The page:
Of the heavy-burdened cells, a world
Oxygenated and delineated, clear.
And head bent downward, I could pluck
You like a bent poppy as you play the ellipse
Of each string, singing from its wood-hold riven.
-We're on the brink of a nuclear apocalypse.
-Stop harping on about it.
So she tries. Hides her phone screen
whenever she gets those glaring news updates.
Moves the hoarded tins of beans and soup
out of the pantry and into the wardrobe,
under the jackets she can't quite throw away,
but knows soon will be turned to dust.
-Today, the US president met with the leader of...
-See, you were fretting about nothing.
She chats online with survivalists,
using an incognito browser window.
Some of them are quite funny people, really.
They trade in old fashioned apocalypse films
and which knife would serve you best against zombies
(she's not sure zombies are a real threat, but she keeps quiet).
-If you'd only take precautions.
-I can't listen to this bullshit anymore.
He leaves. He doesn't even take a gas mask for the road.
The news blares out 24/7 now:
rolling forward towards doomsday.
Eventually, she packs up, switches off the TV,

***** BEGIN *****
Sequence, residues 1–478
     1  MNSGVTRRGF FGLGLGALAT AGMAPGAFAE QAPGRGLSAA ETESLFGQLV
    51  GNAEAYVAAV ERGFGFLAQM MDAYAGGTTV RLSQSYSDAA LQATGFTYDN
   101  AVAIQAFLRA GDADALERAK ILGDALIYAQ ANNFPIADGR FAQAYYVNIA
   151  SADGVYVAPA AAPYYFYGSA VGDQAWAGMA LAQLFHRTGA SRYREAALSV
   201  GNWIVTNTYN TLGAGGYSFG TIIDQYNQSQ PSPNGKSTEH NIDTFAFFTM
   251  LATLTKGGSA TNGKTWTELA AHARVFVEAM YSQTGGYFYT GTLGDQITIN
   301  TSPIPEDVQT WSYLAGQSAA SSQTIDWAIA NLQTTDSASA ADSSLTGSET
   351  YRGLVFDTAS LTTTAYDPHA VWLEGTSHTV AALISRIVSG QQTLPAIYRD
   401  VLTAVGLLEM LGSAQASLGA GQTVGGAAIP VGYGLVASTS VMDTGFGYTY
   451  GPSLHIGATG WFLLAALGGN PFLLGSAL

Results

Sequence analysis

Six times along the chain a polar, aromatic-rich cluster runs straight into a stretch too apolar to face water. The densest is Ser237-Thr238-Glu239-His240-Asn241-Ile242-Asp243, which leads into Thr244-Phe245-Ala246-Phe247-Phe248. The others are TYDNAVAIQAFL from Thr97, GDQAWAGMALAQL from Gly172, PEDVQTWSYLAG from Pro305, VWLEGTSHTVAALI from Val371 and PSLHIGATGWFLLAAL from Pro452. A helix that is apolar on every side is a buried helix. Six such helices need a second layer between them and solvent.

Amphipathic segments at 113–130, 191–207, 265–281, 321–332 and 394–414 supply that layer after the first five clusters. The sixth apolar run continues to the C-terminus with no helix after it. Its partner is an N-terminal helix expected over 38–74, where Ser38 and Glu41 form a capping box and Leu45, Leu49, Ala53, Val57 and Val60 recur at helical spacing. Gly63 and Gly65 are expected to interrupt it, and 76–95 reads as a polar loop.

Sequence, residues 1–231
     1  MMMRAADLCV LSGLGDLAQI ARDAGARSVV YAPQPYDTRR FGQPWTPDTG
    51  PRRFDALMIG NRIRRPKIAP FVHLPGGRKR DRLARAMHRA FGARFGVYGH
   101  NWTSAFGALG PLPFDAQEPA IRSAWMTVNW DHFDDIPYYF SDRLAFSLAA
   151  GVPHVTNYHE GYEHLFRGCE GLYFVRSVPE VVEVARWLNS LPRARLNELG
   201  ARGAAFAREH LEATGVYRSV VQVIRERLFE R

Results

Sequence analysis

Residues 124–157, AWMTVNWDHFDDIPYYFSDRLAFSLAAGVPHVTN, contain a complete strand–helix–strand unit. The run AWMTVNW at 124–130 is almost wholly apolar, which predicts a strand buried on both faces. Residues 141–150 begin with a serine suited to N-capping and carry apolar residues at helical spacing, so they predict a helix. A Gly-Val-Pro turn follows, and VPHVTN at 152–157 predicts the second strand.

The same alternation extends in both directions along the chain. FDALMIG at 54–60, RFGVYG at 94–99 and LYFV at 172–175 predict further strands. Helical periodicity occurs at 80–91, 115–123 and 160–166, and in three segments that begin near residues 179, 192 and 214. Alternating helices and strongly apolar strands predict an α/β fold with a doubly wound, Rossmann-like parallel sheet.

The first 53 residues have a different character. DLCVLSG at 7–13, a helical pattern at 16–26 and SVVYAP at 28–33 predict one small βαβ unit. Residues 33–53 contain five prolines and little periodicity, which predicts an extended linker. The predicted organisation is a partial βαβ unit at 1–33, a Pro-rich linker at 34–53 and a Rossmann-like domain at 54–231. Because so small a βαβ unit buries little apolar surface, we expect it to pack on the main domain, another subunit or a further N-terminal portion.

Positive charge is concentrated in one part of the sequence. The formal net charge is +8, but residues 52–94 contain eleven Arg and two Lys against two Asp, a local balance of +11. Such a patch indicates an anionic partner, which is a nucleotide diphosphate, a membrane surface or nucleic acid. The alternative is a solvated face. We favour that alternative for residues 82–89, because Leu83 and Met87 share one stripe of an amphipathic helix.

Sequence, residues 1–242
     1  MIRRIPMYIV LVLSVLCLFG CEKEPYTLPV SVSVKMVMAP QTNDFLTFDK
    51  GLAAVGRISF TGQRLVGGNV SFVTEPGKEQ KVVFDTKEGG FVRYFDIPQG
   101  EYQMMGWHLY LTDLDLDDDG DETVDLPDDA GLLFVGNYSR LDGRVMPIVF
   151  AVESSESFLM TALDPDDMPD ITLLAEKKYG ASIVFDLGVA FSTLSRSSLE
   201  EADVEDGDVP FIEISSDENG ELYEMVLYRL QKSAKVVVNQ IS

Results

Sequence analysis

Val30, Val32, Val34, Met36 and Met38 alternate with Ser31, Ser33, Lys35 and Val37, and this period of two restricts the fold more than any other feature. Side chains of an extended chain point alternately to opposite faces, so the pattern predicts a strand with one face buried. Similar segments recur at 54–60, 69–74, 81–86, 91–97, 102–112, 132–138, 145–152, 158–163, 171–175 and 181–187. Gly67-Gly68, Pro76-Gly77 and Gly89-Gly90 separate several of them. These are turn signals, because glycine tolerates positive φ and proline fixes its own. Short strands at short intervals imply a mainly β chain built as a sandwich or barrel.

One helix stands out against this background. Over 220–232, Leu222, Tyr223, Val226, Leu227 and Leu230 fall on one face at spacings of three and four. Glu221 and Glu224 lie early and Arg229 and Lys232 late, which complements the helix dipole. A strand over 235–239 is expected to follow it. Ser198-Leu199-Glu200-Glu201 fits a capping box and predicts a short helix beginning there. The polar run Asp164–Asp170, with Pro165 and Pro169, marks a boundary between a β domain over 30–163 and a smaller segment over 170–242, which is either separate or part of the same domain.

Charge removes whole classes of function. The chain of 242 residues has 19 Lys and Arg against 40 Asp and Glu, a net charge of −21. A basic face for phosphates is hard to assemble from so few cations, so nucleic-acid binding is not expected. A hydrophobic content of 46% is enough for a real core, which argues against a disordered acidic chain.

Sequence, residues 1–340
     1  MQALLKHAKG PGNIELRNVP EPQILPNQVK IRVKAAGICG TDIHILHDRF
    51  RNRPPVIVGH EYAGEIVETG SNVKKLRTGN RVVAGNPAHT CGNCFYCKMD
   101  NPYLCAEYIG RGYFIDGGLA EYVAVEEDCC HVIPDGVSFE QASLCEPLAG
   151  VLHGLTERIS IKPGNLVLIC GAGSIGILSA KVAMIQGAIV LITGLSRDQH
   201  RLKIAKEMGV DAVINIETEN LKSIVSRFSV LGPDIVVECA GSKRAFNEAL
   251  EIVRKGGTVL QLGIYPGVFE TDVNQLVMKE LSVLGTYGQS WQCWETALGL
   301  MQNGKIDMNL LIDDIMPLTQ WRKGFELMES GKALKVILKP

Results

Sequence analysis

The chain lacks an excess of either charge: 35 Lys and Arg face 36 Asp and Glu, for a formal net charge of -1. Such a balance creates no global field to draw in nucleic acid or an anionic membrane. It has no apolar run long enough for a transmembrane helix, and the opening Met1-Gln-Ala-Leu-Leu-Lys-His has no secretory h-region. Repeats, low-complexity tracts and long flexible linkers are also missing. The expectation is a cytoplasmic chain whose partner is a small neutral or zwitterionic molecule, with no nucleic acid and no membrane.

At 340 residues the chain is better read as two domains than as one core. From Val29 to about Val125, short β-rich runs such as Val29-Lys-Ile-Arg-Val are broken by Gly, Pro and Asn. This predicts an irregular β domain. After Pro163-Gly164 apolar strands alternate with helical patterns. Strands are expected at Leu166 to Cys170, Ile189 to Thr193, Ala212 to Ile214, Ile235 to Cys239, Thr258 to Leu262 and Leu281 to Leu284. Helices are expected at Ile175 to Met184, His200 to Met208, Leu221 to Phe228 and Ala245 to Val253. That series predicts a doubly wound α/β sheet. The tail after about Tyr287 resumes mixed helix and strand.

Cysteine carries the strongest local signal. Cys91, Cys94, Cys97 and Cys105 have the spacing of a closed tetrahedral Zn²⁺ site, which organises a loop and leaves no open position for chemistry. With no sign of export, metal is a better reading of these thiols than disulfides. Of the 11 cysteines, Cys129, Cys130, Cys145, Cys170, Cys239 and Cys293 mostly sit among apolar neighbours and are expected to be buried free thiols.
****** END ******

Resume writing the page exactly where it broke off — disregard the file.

and moves into a bunker with her new friends.
When the bomb hits, she whispers to herself: Read more >
I know a girl who says
she’s not sure how she
came to be here, sitting
on a metal folding chair,
wearing a white silk gown
corseted into tight-waisted
atrocity. She’s a harpist,
back row over to the left,
her right, and she plucks
away wearing silky gloves.
Whose fool idea – wearing
gloves whilst plucking at
strings. She perpetually
moans, harps on about the
life-sucking and stinking
airlessness of it all.
Of Andre-Rieu-ish waltz-
playing Strauss. It even
has a name, she says. It's
called Classical Crossover,
like rear-ending a Hummer.
I’m a rogue taxidermy,
she says, I’d rather play
folk crust punk, and play
first row solidarity, and
play like The Pogues. Read more >
Welcome to the Autumn issue!
This season’s colours are cold metallics